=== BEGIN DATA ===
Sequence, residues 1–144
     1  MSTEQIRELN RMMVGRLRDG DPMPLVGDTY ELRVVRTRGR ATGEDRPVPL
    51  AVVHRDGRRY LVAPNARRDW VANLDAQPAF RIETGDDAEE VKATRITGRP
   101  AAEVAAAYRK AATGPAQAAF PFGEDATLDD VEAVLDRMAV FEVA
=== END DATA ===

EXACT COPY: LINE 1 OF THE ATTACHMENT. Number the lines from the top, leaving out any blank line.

Sequence, residues 1–144